Maplewood’s own prolific award-winning author Tina Kelley will be debuting her new book Breaking Barriers: How P-TECH Schools Create a Pathway From High School to College to Career with a virtual Words Bookstore event on Tuesday, June 29, 2021 at 7:30 p.m. Register here.
Breaking Barriers was written with Stanley S. Litow.
Breaking Barriers shows how to redesign high schools so that all students can move on to college and successful careers. In a negation of the American Dream, a child’s zip code is currently a far better predictor of success than hard work, intelligence, or resilience. This book tells the story of a school model that focuses on equity and works to prove that all young people can achieve academic excellence given the right support. P-TECH (Pathways in Technology Early College High School) combines public high schools and community colleges in partnership with employers, providing both opportunity and support for all students. This innovative and effective approach eliminates barriers to replication by engaging all stakeholders. The first P-TECH, which opened in a low-income Brooklyn neighborhood, is now a model for school reform. Praised by President Obama and heads of nations, its story is told through the voices of students who have shattered the myths about which students can succeed.
From Smith Publicity:
The need for equity in education has become more and more glaringly obvious — especially in the pandemic’s aftermath. But every child given the right opportunity and support can achieve if the barriers are removed. The P-TECH (Pathways in Technology Early College High School) model makes this possible, allowing students to earn a free associate degree with entry to a career in a high-growth field. In Breaking Barriers: How P-TECH Schools Create a Pathway From High School to College to Career (Teachers College Press; June 25, 2021) authors Stanley S. Litow and Tina Kelley tackle this critical issue and outline a clear course that can set students across the United States and around the world up for success.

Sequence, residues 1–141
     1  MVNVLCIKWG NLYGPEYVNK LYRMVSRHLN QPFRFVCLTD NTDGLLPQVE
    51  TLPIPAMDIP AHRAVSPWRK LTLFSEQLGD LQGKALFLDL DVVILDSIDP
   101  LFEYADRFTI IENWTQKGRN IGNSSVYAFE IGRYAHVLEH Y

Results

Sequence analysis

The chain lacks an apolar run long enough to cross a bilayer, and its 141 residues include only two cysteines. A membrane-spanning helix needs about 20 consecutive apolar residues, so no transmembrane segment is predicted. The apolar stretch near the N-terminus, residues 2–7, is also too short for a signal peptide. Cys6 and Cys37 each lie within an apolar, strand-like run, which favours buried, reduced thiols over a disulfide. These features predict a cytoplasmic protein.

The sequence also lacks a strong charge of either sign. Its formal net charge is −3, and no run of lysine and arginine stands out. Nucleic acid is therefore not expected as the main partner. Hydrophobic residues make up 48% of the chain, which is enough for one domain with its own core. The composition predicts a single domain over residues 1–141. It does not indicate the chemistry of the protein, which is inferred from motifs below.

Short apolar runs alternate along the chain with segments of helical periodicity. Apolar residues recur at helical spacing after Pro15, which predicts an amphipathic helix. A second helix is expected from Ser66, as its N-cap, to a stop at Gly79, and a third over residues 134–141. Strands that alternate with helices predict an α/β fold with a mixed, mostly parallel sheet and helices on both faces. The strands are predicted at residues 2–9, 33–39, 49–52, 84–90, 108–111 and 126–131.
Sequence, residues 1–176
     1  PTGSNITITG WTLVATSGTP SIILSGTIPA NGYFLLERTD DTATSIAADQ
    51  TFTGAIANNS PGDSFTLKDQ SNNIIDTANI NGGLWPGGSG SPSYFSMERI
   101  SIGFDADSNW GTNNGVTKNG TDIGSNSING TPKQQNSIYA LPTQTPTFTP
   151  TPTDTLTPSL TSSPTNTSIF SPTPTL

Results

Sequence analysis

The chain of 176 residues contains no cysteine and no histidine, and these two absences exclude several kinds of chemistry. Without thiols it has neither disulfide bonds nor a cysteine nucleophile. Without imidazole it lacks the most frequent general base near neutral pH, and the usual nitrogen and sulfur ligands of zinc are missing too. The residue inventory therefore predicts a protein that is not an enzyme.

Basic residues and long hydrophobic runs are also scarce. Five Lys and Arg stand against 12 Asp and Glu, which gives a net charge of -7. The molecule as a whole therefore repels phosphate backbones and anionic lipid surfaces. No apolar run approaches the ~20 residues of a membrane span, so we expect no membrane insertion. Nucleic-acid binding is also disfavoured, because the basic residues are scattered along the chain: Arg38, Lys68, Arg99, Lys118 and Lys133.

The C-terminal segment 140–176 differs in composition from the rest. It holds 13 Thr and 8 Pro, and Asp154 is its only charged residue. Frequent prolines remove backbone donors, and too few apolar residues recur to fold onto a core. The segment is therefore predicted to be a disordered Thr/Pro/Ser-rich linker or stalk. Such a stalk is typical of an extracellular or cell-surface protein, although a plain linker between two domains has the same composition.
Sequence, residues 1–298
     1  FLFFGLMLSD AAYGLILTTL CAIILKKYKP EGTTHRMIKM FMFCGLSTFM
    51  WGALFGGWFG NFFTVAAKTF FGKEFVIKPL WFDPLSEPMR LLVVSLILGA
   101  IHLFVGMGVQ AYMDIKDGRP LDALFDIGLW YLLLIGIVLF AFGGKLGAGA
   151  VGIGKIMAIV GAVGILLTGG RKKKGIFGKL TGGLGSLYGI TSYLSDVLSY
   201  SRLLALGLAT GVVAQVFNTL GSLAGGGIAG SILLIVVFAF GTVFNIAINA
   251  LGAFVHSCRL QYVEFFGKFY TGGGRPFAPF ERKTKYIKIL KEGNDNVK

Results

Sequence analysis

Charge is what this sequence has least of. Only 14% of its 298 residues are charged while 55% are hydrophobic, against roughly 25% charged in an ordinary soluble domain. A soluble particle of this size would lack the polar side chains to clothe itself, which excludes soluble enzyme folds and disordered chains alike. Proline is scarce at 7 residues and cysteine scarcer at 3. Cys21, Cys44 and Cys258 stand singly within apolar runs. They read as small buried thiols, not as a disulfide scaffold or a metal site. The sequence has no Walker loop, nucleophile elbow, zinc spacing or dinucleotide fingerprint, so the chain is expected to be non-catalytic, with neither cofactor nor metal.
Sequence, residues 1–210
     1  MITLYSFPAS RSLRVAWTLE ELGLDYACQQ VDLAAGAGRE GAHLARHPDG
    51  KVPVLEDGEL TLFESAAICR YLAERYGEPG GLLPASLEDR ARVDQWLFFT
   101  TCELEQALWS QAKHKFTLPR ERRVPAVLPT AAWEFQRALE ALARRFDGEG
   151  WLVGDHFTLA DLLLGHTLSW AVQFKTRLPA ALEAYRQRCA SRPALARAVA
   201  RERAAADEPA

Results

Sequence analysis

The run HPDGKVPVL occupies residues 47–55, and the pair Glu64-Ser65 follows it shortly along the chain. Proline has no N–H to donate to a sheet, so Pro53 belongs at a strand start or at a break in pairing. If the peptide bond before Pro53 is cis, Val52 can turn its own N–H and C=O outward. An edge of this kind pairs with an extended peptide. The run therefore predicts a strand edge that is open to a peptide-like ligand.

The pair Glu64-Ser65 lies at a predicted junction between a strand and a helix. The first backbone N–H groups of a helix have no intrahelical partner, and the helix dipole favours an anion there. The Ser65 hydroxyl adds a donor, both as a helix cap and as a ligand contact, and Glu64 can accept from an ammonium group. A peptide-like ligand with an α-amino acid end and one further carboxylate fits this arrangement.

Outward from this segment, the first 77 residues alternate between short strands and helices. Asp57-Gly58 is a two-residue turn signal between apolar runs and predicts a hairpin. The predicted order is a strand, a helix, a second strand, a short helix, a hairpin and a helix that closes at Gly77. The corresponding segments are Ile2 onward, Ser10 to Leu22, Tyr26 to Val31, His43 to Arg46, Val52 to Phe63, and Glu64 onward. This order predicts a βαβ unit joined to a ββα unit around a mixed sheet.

Breaking Barriers demonstrates how to redesign high schools so that all students can move on to college and successful careers. In a negation of the American Dream, a child’s zip code is currently a far better predictor of success than hard work, intelligence, or resilience. This book tells the story of a transformative school model that focuses on equity and works to prove that all young people, given the right support, can achieve academic excellence, a valuable post-secondary credential, and a route to a career with high-growth potential, all at virtually no cost to school districts.
The P-TECH model combines public high schools and community colleges in partnership with employers, providing both opportunity and support for all students. In P-TECH schools, students earn a high school diploma, an associate degree, and relevant work experience in a high-growth field. This innovative and effective approach eliminates barriers to replication by engaging all stakeholders. The first P-TECH, which opened in a low-income Brooklyn neighborhood ten years ago, is now a model for school reform. Praised by President Obama and heads of nations, the model has shattered the myths about which students can succeed. Its story is told through the voices of its students.
Breaking Barriers highlights:
- P-TECH is a successful school reform model that is operating in 240 schools across 12 states and 28 countries, in coordination with such industry partners as IBM, Thomson Reuters, and American Airlines.